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UK Vascular Lab Fact Sheet

What is the UK Vascular Lab?

The UK Vascular Lab uses vascular ultrasound to generate images of the blood flow within the veins and arteries. The ultrasound is noninvasive, meaning that the procedure does not require the use of needles, dyes, radiation or anesthesia.

A vascular ultrasound has two steps. Step one requires a picture taken either in black and white or color. Step two creates an audio recording, or Doppler, of the blood flow within the veins and arteries.

What tests does the lab perform?

There are five major areas of testing:

Extracranial
Extracranial means "outside the head." This step examines the carotid arteries located on either side of the neck. During the ultrasound, gel is applied to the neck to assess the amount of blood flow in the arteries. This kind of ultrasound allows technicians to test for blockages leading to the head or brain or coronary artery disease (also known as CAD). The lack of blood can cause shortages of oxygen, which can cause transient ischemic attacks (TIAs), more commonly known as warning strokes or mini-strokes. This lack of blood can also cause a full stroke.

Intracranial
Intracranial means "inside the head." Gel is applied to one of three areas where the bone on the outside of the skull is thinner (an area on each side of the head and one on the back of the head). This ultrasound evaluates the blood vessels that supply the brain within the skull. Intracranial ultrasounds are particularly useful for treatment of stroke, cerebral aneurysm and cerebral hemorrhage, as well as for testing patients with sickle cell and those with brain death.

Arterial
Arterial evaluates the flow through the arteries supplying blood to the arms and legs. This ultrasound is used to test for peripheral artery disease (PAD), assess the use of stents – metal devices that hold vessels open – and evaluate kidney failure patients who have received a dialysis graft.

Venous
Venous ultrasounds look for blood clots caused by deep venous thrombosis or DVT. DVT occurs when a blood clot forms in one of the large veins of the leg. The blood clot may cause swelling and pain, or there may be no pain at all. When a clot breaks off into the bloodstream, it is called an embolism. Embolisms can be life threatening, for instance if they get stuck in the brain, lungs or heart. People who spend extended periods inactive, such as those on bed rest or who are traveling, have an increased risk for developing DVT. This risk is also higher among people who are having estrogen treatments and those who smoke.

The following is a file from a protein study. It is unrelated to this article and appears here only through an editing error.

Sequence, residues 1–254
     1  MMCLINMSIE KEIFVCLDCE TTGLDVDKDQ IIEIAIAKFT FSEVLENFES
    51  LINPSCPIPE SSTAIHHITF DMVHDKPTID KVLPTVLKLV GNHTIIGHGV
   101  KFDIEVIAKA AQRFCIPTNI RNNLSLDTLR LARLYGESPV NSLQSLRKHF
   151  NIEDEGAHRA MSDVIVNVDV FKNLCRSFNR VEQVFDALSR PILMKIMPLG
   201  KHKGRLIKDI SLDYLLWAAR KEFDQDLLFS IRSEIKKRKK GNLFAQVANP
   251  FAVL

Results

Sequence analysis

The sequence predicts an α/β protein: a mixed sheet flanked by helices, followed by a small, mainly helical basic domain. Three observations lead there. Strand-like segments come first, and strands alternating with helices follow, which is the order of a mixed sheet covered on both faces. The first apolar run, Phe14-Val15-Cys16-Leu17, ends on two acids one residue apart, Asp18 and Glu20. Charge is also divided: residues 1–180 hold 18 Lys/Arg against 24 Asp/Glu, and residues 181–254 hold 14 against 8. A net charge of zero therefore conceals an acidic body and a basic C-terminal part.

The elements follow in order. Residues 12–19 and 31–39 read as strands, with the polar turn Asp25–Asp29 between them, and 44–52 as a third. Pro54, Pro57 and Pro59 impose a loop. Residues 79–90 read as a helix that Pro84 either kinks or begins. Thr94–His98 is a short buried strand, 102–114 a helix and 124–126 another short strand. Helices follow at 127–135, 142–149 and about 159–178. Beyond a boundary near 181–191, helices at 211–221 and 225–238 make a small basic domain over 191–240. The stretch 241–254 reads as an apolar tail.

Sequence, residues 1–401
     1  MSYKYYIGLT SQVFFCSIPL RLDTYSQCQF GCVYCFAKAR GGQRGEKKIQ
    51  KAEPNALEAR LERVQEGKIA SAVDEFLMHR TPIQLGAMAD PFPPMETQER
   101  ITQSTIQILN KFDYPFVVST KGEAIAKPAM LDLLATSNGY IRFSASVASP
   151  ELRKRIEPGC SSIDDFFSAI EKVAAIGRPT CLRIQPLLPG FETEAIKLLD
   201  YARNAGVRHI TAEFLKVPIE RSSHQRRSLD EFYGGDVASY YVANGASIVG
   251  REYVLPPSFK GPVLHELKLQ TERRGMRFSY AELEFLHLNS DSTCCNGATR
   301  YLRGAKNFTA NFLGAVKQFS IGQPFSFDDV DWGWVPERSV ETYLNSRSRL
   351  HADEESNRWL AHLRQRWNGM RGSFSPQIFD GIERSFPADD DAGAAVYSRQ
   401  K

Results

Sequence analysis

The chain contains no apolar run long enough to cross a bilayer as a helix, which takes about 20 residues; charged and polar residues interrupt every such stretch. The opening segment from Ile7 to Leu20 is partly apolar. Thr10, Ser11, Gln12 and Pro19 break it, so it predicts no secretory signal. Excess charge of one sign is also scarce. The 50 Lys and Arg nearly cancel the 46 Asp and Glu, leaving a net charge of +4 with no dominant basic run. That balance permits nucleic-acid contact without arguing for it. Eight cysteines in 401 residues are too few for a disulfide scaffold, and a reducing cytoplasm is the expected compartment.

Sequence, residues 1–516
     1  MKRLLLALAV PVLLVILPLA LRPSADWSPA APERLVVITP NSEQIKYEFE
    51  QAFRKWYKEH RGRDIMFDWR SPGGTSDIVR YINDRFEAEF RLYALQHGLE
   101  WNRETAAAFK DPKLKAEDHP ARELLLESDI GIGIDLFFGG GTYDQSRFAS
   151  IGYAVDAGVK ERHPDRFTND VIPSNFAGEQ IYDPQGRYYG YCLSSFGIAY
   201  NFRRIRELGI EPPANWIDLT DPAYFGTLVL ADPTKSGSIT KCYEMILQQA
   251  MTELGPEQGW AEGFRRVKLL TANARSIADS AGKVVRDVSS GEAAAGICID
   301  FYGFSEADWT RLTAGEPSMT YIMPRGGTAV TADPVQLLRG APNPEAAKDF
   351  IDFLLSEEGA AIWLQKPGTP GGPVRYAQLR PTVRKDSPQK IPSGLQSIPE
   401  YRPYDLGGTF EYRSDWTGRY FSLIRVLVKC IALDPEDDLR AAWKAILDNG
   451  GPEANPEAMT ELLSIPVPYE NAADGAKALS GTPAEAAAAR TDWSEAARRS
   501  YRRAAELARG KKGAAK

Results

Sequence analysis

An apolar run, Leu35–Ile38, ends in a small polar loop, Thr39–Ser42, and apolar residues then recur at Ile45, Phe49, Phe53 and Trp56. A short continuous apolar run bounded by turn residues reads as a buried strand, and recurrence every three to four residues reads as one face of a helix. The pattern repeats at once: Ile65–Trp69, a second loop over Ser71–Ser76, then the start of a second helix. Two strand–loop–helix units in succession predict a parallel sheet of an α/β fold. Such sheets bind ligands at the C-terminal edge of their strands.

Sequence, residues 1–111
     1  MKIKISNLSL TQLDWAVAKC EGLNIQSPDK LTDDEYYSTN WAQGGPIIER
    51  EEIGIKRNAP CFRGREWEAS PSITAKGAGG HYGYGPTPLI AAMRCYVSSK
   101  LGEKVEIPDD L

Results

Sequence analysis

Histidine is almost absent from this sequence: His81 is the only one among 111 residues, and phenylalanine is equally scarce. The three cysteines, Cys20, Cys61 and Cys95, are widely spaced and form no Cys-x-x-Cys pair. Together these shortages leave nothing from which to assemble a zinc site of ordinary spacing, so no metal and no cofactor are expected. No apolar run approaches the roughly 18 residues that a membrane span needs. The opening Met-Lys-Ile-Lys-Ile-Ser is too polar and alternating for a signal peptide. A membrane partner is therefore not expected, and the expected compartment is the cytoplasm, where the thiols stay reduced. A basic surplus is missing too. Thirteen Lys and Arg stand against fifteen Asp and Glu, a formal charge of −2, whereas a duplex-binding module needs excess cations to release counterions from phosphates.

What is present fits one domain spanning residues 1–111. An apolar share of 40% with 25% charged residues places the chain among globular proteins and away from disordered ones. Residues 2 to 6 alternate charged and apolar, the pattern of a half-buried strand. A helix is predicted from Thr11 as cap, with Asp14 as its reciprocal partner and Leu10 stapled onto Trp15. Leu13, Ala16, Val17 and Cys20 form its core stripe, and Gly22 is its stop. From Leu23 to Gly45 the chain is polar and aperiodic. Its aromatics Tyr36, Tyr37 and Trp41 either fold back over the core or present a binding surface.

Abdominal
Abdominal ultrasounds are used to test for aortic aneurysms, which are prevalent in smokers. Abdominal aortic aneurysms (also known as AAAs happen when the aortic wall weakens, causing it to "balloon." Eventually the aneurysm can grow large enough that it ruptures.

An ultrasound of the kidney can be done to test for hypertension and other kidney diseases as well.

Intersocietal Commission for the Accreditation of Vascular Laboratories (ICAVL)

The UK Vascular Laboratory achieved accreditation by the Intersocietal Commission for the Accreditation of Vascular Laboratories (ICAVL). This accreditation recognizes excellence in patient care as well as high levels of quality in testing for the diagnosis of vascular disease.

There are five areas a vascular lab can be accredited in:

  • extracranial cerebrovascular
  • intracranial cerebrovascular
  • peripheral venous
  • peripheral arterial
  • visceral vascular

During the accreditation process, every aspect of a vascular lab's daily operations is reviewed and an assessment of the quality of health care is provided to patients. In addition, part of the accreditation process institutions are required to identify and correct any potential problems, revising protocols as necessary and validating quality-assurance programs.

UK is the only vascular lab in the state accredited in all five areas. Across the country approximately 1,600 labs have some level of accreditation, but only 16 are accredited in all five. 

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Page last updated: 8/13/2014 3:51:17 PM